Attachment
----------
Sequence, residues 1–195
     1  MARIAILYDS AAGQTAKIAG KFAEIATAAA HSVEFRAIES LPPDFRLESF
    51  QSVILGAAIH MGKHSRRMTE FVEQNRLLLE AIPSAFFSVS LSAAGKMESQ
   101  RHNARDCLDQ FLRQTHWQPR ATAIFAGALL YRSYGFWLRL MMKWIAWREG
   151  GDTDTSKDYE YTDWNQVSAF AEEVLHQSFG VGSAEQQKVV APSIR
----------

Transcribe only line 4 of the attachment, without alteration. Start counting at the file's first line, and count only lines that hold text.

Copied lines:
   101  RHNARDCLDQ FLRQTHWQPR ATAIFAGALL YRSYGFWLRL MMKWIAWREG